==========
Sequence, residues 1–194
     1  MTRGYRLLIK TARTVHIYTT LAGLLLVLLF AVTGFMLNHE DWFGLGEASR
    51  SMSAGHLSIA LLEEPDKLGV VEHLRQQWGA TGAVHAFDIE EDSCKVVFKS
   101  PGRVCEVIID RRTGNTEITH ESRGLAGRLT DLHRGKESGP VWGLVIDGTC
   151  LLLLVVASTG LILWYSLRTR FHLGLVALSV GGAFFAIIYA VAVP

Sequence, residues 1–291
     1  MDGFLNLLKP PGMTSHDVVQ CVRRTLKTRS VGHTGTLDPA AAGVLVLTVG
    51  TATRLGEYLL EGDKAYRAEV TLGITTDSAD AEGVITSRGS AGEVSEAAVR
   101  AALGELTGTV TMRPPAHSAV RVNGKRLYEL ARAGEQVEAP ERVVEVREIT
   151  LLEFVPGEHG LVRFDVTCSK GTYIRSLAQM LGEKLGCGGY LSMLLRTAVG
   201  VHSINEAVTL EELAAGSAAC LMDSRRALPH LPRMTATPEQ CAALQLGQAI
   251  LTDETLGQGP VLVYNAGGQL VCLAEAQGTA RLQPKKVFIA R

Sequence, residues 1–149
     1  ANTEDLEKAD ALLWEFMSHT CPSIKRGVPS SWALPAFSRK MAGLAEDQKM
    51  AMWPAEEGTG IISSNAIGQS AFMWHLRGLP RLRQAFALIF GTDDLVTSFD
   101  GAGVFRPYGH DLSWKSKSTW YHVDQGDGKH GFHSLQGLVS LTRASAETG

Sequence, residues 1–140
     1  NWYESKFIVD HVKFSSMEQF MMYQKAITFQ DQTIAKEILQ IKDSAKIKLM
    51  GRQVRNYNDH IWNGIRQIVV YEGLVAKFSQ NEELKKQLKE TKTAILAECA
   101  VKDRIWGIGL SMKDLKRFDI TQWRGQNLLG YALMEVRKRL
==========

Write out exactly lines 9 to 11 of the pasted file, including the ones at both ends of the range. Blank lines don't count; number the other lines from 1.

   101  AALGELTGTV TMRPPAHSAV RVNGKRLYEL ARAGEQVEAP ERVVEVREIT
   151  LLEFVPGEHG LVRFDVTCSK GTYIRSLAQM LGEKLGCGGY LSMLLRTAVG
   201  VHSINEAVTL EELAAGSAAC LMDSRRALPH LPRMTATPEQ CAALQLGQAI